Defining Biogeographic Regions

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A recent paper published in Applied Geography explored ways to improve the determination of biogeographic regions using clustering techniques. Biogeographic regions are geographical areas that are defined based on the species found in them, which provides invaluable information to ecologists and natural resources managers for understanding large scale processes that affect species and ecosystems.

Famously, Alfred Russell Wallace’s delineation of the first biogeographic regions idenitified similar species living oceans away from each other, provided inspiration for the discovery of continental drift. Historically, these regions were defined based on the occurrence of similar species or the same species using clusering techniques that do not consideration of physical geographic boundaries or other environmental variables in their sample site.

These researchers studied the spatial distribution of four mammal species in Angola and performed a spatial (REDCAP) and a non-spatial (Ward’s Clustering) clustering analyses on records of observations of those species to see which analysis defined biogeographic regions that more closely correlated with different climatic conditions, existing ecoregions, and groupings of species within those regions.

What are ecoregions?

Ecoregions are similar to biogeographic regions, but instead of defining regions based on species occurance, they define space based on environmental variables like rainfall, temperature, and humidity. Different types of ecosystems occur in different ecoregions.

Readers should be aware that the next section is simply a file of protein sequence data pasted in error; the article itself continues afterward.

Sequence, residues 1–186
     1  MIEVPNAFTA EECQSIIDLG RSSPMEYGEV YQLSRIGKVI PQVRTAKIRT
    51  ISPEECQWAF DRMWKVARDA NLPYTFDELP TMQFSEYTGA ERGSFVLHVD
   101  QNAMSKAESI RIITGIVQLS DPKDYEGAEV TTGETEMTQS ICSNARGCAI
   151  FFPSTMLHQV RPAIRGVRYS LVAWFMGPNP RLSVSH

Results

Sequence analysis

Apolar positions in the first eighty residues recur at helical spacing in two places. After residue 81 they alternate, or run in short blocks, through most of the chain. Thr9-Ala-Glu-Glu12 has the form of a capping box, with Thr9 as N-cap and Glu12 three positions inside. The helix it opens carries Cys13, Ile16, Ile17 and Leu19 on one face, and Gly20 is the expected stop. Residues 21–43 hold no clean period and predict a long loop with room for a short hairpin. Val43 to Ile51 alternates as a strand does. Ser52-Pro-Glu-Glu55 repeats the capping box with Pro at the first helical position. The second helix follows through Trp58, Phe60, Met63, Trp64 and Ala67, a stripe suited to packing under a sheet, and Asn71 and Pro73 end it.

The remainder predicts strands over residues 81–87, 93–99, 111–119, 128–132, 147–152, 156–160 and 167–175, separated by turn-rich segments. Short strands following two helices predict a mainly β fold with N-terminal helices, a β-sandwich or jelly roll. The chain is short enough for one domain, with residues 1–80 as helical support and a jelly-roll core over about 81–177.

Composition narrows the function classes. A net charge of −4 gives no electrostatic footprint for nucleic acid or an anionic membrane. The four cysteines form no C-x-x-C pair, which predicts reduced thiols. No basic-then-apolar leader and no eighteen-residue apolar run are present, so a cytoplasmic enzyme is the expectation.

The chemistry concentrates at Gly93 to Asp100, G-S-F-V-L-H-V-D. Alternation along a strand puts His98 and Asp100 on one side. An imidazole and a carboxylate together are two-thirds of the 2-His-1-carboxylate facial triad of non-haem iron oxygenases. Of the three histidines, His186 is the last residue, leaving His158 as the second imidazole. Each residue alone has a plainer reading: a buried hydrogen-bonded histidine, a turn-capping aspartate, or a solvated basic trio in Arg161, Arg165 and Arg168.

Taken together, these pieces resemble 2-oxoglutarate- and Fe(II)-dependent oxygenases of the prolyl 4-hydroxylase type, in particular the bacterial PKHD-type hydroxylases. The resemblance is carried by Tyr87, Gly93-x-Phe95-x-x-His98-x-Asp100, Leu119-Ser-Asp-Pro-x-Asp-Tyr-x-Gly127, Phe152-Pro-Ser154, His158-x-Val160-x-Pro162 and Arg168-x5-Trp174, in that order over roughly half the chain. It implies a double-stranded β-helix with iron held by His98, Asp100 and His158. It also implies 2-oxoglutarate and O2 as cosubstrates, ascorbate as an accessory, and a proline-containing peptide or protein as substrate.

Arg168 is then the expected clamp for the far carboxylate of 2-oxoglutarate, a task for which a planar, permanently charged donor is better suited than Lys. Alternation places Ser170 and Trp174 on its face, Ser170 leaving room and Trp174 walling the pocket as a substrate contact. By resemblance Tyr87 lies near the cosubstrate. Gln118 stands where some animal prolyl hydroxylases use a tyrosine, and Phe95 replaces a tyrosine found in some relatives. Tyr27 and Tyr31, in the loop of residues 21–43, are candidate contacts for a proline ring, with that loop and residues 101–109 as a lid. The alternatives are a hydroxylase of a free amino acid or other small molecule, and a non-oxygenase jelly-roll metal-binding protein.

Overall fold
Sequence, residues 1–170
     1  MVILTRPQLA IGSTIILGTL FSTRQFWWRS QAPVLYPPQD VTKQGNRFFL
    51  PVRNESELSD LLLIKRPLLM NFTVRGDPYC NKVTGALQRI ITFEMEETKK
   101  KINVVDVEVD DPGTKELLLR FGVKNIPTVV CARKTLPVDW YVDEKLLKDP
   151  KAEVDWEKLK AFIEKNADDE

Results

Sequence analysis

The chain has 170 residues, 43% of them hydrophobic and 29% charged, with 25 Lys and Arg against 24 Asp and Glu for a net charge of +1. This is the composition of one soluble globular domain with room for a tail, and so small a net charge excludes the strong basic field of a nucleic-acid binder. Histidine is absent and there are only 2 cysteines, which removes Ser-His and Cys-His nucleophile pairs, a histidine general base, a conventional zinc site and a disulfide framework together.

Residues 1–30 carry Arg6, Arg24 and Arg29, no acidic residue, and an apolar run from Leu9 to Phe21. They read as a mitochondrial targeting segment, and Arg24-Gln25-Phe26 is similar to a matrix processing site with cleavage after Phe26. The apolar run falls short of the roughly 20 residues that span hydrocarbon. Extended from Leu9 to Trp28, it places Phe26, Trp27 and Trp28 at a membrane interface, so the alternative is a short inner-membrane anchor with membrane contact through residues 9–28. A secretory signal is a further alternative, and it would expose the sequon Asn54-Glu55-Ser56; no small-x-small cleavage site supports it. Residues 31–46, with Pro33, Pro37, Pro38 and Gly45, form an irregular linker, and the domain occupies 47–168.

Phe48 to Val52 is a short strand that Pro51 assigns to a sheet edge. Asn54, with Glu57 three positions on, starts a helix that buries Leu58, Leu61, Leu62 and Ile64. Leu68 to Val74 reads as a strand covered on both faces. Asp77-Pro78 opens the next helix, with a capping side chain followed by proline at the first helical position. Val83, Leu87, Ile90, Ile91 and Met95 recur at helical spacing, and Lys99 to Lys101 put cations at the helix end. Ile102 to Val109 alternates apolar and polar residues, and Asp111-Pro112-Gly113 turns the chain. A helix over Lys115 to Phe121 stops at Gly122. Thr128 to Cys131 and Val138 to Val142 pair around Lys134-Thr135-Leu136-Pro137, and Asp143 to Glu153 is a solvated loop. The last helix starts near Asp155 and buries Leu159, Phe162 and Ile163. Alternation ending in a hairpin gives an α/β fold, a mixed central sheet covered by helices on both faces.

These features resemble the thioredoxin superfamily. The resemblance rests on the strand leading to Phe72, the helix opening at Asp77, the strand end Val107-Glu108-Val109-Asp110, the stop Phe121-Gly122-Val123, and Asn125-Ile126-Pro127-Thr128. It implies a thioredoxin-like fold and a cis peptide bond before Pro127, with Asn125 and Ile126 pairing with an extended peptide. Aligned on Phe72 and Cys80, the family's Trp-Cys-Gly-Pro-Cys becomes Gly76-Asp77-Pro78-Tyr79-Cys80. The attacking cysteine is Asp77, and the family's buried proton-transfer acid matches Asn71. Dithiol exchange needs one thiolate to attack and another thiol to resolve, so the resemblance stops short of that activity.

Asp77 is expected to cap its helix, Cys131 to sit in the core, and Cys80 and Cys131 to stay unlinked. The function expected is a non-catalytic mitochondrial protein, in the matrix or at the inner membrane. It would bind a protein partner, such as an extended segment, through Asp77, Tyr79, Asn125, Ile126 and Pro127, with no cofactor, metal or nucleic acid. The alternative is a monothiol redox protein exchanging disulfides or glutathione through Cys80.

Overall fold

A comparison of both is shown below, with the ecoregions in Angola defined by the World Wildlife Fund below for reference (Olson et al, 2014).

Figure: Gao & Kupfer, 2018
Figure: Gao & Kupfer, 2018

We know that species evolve to fill different “niches” in the environment, so if these biogeographic regions cover the geographic extent of different niches based on known climate and ecological information, it is more likely that they are reflective of where that species is occuring.

So, if the clusters correlated better with existing climate and species grouping data, it is probably the better biogeographic model. The model that used a spatial clustering analysis more closely reflected other known data, and provided more meaningful results for ecologists and managers. To make biogeographic regions more useful, spatial clustering methods should be used instead of traditional non-spatial techniques.


Gao, P., & Kupfer, J. A. (2018). Capitalizing on a wealth of spatial information: Improving biogeographic regionalization through the use of spatial clusteringApplied Geography, 99, 98-108. doi:10.1016/j.apgeog.2018.08.002

Olsen, D. M., Dinerstein, E., Wikramanayake, E. D., Burgess, N. D., Powell, G. V., Underwood, E. C., . . . Kasseem, K. R. (2001). Terrestrial Ecoregions of the World: A New Map of Life on Earth: A new global map of terrestrial ecoregions provides an innovative tool for conserving biodiversityBioScience, 51(11), 933-938.

Article by H. Conrad

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